The on-piste conditions were challengingly bumpy, but I was easily able to get low and carve, while tweaking out Methods felt no different to when I’d done the same earlier in the week in my Vans boots and Union bindings. We also had hot pow to lap, and again everything just felt gravy in the deeper stuff. Not once did I have any issues with snow clogging the interface, thought admittedly I didn’t have the opportunity of trying to get out and in in super light pow – the snow was so sticky that it stayed out when you cleared the binding.
The boots felt like a pair of broken in Burton Ions I have (with the exception of the Boa ‘ankle strap) and were utterly normal to walk around in. It was a bit weird at first when the inevitable first run footcramp hit – normally you’d loosen your straps on the chairlift to ease the pain, but here… whaaaa? Fear not, just release the Boa coliers and your feet can chill a bit. Again, it’s different. Not bad.
Three of Burton’s riders were in town to lap with us – Mikkel Bang, Christian Haller and Max Zebe – and they all genuinely seemed stoked on the system’s performance. The question I put to Hitsch was, ok, for hot lapping they’re great but would you use them to boost 10m-plus Methods on a mega hip or drop in for a superpipe contest run? “I could,” was his reply but the feeling was maybe at this apex of freestyle superboarding he might be more comfortable in equipment he knows. Fair enough.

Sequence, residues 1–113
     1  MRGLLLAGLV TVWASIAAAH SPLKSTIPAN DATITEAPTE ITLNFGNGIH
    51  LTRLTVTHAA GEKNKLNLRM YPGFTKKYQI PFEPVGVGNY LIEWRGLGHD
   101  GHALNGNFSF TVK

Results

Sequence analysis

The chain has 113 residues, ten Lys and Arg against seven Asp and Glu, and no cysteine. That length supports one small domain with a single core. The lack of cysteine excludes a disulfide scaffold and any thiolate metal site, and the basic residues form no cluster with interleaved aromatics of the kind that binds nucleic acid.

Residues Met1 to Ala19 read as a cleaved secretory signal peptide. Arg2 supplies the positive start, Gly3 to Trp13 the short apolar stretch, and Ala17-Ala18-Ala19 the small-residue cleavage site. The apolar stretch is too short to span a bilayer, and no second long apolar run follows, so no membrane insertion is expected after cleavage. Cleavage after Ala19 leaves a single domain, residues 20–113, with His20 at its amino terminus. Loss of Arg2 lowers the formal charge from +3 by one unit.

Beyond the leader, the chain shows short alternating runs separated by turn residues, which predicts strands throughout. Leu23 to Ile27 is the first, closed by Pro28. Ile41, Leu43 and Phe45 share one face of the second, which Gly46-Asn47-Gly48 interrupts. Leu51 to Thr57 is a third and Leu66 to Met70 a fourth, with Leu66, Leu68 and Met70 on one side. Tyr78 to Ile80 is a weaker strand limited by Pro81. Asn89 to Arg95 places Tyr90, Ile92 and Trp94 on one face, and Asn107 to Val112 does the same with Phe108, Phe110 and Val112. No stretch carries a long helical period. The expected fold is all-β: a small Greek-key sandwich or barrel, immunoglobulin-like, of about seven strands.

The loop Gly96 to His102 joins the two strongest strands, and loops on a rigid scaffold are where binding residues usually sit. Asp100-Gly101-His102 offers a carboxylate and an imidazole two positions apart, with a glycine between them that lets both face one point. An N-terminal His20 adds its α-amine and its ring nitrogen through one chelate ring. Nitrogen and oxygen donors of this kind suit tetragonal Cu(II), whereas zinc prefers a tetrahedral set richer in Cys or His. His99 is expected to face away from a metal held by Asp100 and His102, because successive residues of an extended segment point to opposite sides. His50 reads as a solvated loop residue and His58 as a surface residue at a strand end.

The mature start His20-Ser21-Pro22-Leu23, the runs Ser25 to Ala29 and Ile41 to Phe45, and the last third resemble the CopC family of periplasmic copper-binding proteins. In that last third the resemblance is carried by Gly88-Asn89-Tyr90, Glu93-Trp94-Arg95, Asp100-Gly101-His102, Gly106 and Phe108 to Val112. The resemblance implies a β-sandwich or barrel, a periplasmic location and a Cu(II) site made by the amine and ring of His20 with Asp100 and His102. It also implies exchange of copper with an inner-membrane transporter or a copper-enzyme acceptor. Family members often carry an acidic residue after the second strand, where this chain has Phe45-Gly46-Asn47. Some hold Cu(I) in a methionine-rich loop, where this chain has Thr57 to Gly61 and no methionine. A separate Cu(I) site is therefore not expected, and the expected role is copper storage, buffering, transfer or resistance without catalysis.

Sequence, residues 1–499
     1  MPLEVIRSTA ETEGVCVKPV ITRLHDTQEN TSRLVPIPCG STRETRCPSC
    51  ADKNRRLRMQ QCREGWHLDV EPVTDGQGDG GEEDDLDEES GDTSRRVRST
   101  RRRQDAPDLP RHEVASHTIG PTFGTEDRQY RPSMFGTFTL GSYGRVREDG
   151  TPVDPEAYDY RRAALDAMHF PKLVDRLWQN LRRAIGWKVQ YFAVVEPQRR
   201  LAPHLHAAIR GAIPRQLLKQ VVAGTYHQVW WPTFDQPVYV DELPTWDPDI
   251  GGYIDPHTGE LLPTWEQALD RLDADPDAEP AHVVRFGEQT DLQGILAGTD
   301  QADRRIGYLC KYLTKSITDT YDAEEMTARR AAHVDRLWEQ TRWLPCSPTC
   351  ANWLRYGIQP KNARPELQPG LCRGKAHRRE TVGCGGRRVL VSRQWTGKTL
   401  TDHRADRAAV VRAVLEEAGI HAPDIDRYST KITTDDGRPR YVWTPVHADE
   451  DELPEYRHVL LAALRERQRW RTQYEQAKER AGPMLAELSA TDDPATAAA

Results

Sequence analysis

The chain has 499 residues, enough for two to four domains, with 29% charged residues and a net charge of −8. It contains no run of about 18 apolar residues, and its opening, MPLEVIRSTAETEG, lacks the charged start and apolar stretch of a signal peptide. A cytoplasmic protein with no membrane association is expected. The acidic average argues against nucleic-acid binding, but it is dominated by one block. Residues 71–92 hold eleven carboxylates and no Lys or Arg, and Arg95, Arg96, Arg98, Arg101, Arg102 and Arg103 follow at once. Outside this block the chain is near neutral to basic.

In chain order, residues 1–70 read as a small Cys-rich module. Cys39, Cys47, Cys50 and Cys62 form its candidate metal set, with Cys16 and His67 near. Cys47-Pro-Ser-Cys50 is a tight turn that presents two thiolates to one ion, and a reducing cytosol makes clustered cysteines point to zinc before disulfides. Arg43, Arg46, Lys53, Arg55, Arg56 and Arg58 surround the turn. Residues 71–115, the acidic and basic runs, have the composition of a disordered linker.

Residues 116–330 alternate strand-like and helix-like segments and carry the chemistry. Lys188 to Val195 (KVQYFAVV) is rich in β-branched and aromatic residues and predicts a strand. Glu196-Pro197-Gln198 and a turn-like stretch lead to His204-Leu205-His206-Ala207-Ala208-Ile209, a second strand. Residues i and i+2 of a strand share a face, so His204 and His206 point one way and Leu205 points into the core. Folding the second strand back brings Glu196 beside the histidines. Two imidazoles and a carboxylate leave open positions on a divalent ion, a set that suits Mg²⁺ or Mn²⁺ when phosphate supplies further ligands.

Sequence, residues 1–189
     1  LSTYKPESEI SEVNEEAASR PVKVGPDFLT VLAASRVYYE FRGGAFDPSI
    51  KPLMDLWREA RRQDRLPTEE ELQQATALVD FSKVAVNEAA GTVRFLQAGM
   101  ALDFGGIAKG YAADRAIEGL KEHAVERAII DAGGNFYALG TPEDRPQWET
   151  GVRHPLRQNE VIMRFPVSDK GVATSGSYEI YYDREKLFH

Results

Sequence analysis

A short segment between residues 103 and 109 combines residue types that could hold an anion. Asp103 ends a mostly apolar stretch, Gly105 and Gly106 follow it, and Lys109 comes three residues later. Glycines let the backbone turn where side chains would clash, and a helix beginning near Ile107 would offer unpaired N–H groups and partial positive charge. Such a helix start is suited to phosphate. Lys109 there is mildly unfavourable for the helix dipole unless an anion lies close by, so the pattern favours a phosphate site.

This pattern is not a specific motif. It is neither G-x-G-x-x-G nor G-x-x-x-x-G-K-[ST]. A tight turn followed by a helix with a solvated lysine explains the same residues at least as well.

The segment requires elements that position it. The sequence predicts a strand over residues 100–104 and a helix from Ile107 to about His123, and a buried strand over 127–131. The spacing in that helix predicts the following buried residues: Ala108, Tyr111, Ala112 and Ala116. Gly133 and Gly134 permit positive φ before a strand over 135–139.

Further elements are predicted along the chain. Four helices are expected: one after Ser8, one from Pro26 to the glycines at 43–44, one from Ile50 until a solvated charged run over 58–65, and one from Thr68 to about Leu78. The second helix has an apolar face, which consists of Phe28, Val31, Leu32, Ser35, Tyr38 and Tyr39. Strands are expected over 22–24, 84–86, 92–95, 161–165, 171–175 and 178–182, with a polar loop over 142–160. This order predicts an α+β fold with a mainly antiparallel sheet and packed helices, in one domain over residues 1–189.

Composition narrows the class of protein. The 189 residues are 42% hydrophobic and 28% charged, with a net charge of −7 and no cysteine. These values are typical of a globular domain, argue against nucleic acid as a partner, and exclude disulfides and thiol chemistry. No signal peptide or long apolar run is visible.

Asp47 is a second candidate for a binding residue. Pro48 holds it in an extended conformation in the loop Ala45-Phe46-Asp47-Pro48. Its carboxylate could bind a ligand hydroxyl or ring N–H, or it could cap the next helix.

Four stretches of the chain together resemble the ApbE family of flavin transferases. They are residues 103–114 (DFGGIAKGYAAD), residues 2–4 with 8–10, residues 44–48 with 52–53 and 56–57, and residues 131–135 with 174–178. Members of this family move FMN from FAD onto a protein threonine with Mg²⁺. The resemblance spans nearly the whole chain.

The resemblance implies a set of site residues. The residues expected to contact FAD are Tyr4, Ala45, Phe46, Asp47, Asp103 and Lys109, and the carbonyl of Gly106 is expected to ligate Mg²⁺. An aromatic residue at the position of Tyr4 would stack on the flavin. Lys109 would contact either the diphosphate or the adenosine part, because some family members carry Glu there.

For every other snowboarder – from beginners, to seasoned rippers – they question would be ‘why would you NOT ride these?’ They’re quick, easy and felt great. Plus if you’re a photographer, filmer, or anyone else who has to regularly cart a heavy backpack around you’ll sure dig these. Beyond a dogged insistence that they can’t possibly work because step ins were a bit shit close to 20 years ago, I can think of a couple of reasons these might not be up your street: If your feet don’t fit well in the boots, certainly they’re not for you; if you just like the aesthetic of riding with two straps and care not for saving 10 seconds every run then again they’re not for you; if you hit 25m superbooters or are serious about riding Superpipes they probably would work but it would be understandable if you’d rather go with the tried and tested; if you don’t have the cash (RRP will be starting in the region of €600 for the Ruler boot/binding combo) then you’re not missing out on ultra-high performance – as I said I just felt I was riding with my regular setup, with the added bonus of being able to get in way quicker.
In all honesty, Burton might very well have developed a system that is perfect for 90% of snowboarders out there, and that will save you a buncha time in the long run. You could say the jury’s maybe out for people who have high-performance niche tastes – how they’d hold up after repeated bomb drops to flat, fully committed AK lines, or Olympic pipe runs is unclear, but I don’t ride like that and chances are you don’t either.
I’d certainly be stoked to ride StepOn again.
[Below: Haller getting low. Photo: Cyril Mueller]